As I was reading Kristin Ohlson’s The Soil Will Save Us (Rodale Books, 2014), I kept having flashbacks to a famous scene in the 1967 film The Graduate. In the scene, Mr. McGuire, a family friend of the recently graduated and somewhat adrift Benjamin, played by Dustin Hoffman, offers candid career advice to the young man. “I just want to say one word to you. Just one word…” says Mr. McGuire. “Plastics.”
I found myself wondering: what if Mr. McGuire’s one word had been “soil” instead?
What if soil had been seen as a major economic opportunity, the next big thing in investments that any savvy graduate would be thrilled to be tipped off about? How might global industry have evolved if more cunning business people had been thinking about soil?
Alas, soil wasn’t seen as an opportunity by most business people back in 1967, and most still don’t think about it that way today either.
Yet here’s the truth: soil was, is, and will be for the foreseeable future, a big thing whether we realize it or not, and we ignore the importance of soil at our peril. We are dependent on soil for most of our food, not to mention much of our clothing, toilet paper, wood products, breathable air and a few other rather crucial necessities.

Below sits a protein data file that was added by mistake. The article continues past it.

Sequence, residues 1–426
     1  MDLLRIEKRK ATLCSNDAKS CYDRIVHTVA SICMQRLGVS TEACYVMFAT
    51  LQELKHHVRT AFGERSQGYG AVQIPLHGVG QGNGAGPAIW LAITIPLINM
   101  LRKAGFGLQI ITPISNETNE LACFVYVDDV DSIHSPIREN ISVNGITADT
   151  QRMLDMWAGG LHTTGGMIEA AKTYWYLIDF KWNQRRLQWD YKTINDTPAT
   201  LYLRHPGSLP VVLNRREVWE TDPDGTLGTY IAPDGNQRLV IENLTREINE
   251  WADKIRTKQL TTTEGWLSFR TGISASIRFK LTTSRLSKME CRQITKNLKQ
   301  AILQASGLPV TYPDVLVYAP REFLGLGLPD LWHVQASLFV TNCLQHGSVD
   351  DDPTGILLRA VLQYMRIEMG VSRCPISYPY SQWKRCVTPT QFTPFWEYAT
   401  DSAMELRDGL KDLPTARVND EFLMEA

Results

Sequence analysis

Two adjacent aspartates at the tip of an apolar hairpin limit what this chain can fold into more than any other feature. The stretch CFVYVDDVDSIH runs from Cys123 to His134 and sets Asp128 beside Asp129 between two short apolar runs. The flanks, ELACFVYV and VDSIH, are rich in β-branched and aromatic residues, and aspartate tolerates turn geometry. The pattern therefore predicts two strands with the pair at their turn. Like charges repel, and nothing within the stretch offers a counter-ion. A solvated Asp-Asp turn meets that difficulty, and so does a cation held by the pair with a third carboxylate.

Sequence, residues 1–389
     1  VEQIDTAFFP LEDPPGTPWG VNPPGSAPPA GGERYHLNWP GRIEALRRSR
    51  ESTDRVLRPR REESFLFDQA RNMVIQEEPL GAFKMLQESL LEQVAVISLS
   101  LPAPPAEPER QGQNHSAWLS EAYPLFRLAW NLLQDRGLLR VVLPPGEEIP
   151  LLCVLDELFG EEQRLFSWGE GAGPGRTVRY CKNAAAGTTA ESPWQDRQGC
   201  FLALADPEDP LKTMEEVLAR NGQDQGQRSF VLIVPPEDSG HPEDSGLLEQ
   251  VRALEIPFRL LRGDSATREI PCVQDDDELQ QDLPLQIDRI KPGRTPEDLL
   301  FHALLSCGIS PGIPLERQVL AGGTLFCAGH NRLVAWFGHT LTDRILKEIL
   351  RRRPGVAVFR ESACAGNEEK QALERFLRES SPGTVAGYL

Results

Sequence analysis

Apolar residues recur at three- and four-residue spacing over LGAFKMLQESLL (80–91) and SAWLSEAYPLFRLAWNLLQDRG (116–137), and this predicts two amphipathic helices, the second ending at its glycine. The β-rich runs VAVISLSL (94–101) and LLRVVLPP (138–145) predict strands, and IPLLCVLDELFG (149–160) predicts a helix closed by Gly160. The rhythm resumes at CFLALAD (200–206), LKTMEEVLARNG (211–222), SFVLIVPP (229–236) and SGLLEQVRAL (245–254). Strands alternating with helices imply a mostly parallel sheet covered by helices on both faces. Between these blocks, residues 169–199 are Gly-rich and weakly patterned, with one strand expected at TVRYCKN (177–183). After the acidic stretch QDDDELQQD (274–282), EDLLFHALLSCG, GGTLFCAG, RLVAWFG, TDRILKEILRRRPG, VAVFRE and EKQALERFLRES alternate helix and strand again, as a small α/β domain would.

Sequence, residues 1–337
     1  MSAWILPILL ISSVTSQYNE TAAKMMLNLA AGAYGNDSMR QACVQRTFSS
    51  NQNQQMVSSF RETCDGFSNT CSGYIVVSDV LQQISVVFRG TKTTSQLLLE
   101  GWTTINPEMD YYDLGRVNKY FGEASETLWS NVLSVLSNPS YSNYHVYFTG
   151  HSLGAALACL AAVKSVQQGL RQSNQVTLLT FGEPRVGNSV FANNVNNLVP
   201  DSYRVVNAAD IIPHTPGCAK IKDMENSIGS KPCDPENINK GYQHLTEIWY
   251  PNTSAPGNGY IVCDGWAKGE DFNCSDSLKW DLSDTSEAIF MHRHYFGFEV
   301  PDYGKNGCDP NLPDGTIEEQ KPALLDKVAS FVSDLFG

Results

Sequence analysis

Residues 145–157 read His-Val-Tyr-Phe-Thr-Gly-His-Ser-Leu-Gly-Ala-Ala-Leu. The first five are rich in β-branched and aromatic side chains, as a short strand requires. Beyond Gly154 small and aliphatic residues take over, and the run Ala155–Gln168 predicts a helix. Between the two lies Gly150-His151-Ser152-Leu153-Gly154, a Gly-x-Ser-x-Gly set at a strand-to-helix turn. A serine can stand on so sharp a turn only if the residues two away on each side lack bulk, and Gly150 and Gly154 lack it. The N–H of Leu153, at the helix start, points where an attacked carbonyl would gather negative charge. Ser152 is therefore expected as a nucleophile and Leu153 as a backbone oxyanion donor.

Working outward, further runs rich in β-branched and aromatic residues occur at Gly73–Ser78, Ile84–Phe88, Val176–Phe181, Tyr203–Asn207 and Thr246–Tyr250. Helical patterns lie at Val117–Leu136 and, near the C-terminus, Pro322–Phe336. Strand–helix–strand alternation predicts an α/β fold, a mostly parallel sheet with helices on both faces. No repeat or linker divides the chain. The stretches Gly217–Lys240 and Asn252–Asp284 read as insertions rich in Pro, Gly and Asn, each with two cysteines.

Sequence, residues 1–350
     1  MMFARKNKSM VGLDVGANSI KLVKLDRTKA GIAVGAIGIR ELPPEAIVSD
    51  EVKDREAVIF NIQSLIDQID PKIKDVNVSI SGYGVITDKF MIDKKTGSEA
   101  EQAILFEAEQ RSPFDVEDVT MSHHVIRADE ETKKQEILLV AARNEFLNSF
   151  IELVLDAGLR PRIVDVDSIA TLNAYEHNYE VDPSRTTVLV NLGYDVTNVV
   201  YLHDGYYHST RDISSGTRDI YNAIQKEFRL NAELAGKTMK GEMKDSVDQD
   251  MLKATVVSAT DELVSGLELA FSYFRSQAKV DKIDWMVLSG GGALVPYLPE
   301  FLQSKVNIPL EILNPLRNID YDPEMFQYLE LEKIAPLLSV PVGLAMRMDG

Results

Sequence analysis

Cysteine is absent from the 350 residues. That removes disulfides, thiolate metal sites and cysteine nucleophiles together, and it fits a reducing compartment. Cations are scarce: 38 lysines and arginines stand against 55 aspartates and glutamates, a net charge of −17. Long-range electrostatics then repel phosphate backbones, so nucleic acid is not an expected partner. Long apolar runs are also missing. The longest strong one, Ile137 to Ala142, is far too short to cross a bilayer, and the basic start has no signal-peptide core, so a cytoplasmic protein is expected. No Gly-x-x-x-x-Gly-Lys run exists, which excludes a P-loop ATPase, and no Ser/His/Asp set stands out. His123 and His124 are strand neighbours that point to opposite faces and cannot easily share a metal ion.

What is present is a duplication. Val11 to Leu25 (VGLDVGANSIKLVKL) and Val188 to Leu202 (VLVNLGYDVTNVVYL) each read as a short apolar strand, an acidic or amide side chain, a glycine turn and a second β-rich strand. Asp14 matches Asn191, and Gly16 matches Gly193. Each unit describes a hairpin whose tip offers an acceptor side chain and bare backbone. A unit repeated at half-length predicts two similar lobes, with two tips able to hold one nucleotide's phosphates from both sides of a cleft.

Ohlson’s book combines a highly readable, journalistic style with a sense of awe. Her vivid prose explores soil at a fundamental level, taking us on a journey with experts in the emergent soil health movement. Ohlson also provides a window into the underground world of soil — a world teaming with life, comprising newly understood properties that support life both below and above ground.
In addition to condensing complex soil research into 258 pages that non-scientists can easily grasp, The Soil Will Save Us also channels the common sense of those who work the soil for a living, such as rancher Greg Judy. Mr. Judy is quoted (in the aptly named chapter, “Why Don’t We Know This Stuff?”) as saying: “Nature did it right for millions of years until we came and boogered things up.”